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Discover Channel (http://www.Discovery.com) has a new series called "Project Earth". The series seems to feature each week a new experiment aimed at solving some aspect of the energy or climate challenges we're told we all face. It looks like some of the shows in the series are pretty oddball -- I saw one that involved giant rotating balloons that were supposed to float all the way up at altitudes where the wind is fast and constant. It looked kind of crazy.
I watched one tonight though, via the DVR, that featured some really cool and simple tech. The idea was to pull cold, nutrient rich water from a thousand feet down in a part of the ocean that lacks phytoplankton so that the water at the surface would bloom. The goal was to build a thriving community of diatoms that would live and die near the surface then fall to the ocean floor -- trapping massive amounts of carbon dioxide in the process. The thing is, for a scheme like this to work you'd have to do it on a huge scale, which means you have to do it cheap.
That's where the cool tech is. The "Pump" they used was awesome. It was nothing more than a valve at the bottom of a thousand foot long plastic tube, which itself was anchored to a float. As the float rises and falls, so does the valve at the end of the tube. The valve opens when when water goes in (the tube is going down) but closes when water tries to flow out (the tube is going up). The result is a perfectly simple pump.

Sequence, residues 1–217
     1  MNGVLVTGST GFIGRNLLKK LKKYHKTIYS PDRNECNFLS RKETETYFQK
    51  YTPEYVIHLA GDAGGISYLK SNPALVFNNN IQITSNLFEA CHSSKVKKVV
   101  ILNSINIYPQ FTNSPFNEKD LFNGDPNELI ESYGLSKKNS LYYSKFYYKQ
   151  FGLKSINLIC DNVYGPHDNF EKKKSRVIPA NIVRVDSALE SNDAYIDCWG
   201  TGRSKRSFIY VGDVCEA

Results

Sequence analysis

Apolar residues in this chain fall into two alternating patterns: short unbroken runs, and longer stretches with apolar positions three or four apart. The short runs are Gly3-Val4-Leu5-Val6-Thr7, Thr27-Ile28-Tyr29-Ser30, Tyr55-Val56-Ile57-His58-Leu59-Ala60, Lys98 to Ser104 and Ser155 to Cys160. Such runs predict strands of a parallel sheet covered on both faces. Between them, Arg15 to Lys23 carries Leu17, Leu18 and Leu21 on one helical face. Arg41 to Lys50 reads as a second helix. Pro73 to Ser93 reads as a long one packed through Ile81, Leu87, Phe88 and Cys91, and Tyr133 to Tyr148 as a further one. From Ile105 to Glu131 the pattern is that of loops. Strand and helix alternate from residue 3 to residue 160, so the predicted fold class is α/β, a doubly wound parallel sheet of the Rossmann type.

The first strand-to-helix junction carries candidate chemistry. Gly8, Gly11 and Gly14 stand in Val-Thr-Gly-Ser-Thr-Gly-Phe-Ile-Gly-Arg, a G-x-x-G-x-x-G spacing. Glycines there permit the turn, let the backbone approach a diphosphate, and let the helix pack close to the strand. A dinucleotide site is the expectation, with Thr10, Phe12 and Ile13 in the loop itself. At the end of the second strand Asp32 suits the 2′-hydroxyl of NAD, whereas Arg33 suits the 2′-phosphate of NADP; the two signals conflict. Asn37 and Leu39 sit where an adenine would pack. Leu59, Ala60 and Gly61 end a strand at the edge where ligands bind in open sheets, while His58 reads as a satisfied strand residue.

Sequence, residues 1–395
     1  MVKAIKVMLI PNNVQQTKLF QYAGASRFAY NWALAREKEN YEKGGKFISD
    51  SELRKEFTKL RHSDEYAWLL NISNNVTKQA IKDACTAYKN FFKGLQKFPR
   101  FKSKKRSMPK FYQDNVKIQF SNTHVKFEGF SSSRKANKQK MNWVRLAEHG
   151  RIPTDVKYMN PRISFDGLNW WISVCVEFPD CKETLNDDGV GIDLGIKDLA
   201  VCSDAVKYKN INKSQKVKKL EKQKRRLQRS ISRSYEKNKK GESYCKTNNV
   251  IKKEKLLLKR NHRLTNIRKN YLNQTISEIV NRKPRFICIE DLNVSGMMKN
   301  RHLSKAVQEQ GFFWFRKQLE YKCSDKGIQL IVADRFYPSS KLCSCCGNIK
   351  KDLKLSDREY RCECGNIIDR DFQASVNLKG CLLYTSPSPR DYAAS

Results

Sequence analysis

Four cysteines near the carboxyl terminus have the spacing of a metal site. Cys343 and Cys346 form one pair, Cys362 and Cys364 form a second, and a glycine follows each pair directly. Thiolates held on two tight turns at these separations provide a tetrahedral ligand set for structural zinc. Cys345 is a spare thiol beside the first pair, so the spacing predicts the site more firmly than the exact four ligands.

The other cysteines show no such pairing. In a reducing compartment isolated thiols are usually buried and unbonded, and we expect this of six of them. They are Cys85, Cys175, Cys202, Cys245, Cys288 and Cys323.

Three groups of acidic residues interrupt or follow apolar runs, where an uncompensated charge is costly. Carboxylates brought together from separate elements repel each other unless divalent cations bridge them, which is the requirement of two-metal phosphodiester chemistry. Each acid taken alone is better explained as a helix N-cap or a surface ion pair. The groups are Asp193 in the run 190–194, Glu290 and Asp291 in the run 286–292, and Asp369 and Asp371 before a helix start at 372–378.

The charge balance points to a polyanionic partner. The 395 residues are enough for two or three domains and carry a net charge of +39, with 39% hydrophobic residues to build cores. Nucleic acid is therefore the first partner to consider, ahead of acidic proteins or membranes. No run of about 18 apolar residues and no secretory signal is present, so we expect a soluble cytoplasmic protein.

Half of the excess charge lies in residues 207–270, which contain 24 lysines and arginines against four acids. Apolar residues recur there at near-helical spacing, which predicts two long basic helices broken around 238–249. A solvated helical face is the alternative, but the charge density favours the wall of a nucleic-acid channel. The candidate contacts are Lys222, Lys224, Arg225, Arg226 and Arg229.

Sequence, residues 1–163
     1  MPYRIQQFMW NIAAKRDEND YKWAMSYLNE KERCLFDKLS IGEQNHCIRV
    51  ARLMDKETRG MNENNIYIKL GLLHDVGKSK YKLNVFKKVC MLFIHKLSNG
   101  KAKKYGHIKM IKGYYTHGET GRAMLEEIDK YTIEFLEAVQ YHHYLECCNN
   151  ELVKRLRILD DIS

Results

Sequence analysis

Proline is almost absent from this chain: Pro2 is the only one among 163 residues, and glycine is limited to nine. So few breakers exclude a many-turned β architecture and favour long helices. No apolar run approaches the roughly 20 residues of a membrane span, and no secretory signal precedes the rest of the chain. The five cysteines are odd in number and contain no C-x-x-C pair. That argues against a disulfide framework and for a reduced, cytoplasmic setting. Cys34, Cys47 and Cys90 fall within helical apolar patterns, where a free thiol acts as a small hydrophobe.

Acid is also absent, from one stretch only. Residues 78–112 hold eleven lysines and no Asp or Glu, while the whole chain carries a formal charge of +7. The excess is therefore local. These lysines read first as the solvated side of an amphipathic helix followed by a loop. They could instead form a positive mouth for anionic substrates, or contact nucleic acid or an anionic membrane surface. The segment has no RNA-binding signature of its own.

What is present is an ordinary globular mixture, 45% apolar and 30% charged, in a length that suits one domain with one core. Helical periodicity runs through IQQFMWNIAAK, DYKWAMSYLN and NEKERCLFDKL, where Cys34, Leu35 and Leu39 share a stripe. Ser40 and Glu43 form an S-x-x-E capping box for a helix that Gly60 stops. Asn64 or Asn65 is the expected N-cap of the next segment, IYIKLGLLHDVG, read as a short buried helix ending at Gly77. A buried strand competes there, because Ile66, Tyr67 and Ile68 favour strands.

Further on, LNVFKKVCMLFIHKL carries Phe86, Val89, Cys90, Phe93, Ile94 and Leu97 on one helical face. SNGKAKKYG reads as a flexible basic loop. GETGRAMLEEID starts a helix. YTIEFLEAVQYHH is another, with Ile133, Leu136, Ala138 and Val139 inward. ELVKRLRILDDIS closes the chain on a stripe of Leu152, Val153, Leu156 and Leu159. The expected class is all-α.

The experiment was a partial success. Water was pumped up, it did contain nutrients, and the area of the sea that 12 days before had been barren to the eyes of the divers, was filled with fish and even a whale shark -- the largest "fish" in the sea, and a consumer of nothing but plankton. On the other hand, the pumps themselves didn't hold up. some simple welds failed causing the pumps to come apart. Of the two, the first one failed almost right away and the second half-way failed early on. Even with only half one one pump however, there was a noticeable change in the seas life almost immediately.
So -- they proved with with very simple, very cheap to produce technology; they could mix those nutrients trapped a thousand feet down back to the surface where they could sustain life. The way the math works, about a million of these things would trap all of the carbon produced by the USA over the course of a year. The phytoplankton themselves -- by just living their life cycles -- and then sinking to the floor of the ocean.
The downside, of course, is that a system like this messes with the balance of life in the oceans and that's pretty dangerous. For example, not all diatom blooms are beneficial. Some are quite toxic. How do you pick which kind of bloom you stir up? The ocean is a BIG and HIGHLY complex system. If you're going to do something big enough make a difference, you're really messing with Sasquatch.
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